Time limit for adopting new local plans – Otherwise national planning guidance conformant applications will get automatic approval

Plan changes – Removal of inspectors’ power to change new local plans at inquiry.  Instead, inspector reports to SoS for breaches of national guidance, SoS to decide, then LPA amends and resubmits

Transitional arrangements – LPAs can cull disliked ‘imposed policies’

Architectural/design standards – Must be included in new local plans

New ‘duty to cooperate’ – For statutory consultees on new local plans

Incentivisation – Let LPAs keep council tax/business rates increase and match it for 6 years.  Additionally, LPAs will retain some of the new Single Unified Tariff

Development control

New third party rights of appeal

But only 2 grounds for appeal – “Procedure” (dealt with by Local Government Ombudsman) and “in contravention of LDF” (dealt with by Planning Inspectorate).  JR process as per now

Pre-application consultation – Mandatory ‘collaborative design’, by enquiry by design, charettes etc for larger projects

Objections – Significant number of objectors triggers conformity assessment of application

Neighbour compensation – Pay off your objectors.  Parish councils considered neighbours

Councillor interests – Change to ‘predetermination rules’.  Let councillors oppose development openly

Parking – National standards to be abolished.  LPA to decide local standards

Major infrastructure

IPC – Becomes ‘Major Infrastructure Unit’ within Planning Inspectorate

Major linear projects – Via hybrid or private Parliamentary bills

Ministers’ final decision – Set time limit for making decision


Housing targets – Abolished. Use so called “Option 1 numbers”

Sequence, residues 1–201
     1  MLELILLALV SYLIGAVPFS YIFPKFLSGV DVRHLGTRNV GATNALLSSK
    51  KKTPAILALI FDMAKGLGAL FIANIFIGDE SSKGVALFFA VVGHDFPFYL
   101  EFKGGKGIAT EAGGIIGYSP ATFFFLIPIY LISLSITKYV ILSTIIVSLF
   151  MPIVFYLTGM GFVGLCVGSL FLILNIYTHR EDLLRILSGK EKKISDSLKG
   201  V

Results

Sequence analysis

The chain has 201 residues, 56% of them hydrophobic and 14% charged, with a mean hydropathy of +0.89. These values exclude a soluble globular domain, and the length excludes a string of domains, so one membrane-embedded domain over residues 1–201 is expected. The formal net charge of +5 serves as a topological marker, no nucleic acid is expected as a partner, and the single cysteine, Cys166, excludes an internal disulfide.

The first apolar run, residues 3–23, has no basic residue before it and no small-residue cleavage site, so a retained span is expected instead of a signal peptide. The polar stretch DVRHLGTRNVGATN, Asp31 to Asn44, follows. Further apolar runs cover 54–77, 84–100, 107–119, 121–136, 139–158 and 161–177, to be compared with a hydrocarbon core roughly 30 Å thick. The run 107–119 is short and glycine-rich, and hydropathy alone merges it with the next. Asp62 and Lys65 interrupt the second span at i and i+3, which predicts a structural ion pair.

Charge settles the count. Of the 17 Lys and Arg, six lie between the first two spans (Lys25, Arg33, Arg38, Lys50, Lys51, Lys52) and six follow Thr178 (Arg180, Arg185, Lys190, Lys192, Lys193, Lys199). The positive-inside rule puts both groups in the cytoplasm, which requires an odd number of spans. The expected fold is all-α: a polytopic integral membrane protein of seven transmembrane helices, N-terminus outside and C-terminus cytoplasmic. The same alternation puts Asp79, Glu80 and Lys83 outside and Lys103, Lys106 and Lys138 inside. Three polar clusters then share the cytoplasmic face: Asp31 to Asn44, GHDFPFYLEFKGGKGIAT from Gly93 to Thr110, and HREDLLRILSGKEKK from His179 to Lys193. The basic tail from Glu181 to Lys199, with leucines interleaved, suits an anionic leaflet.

Affordable housing – Local targets set by LPAs (125% council tax incentive)

Density – Scrap PPS 3 targets

Back gardens – Changed back to greenfield from brownfield


Needs test – Reinstated

Competition test – Must be taken into account


Strategic planning – RSS responsibilities back to minerals/waste planning authorities


New schools – Automatic right of change of use to education

D1 land cannot change use – Unless Education Secretary allows

Appeals – Dealt with by new Major Infrastructure Unit

Wind energy

LPA keeps business rates of operational wind farms for 6 years

Community ownership to be explored

Discounted electricity for communities in local vicinity to be explored

Mobile phone masts

End permitted development rights – All masts must have full application

Previously discussed emerging policy that did not make it into the Green Paper

Abolition of LPA centralized performance targets, Planning Delivery Grant, application timescales

‘Merton Rule’ expansion

TIFs or bonds

Referenda for controversial projects – Petition of 10% of local electorate

Abolition of GoL – All powers to Mayor, GLA or London boroughs

Other relevant emerging policy not discussed in the Green Paper

Cease Government support for Heathrow 3rd runway.  Promote high speed rail

U-turn on empty business rates

Mayors for 12 large cities

Nick Keable is vice president for UK Operations, The Saint Consulting Group, email, phone +44 207 592 7050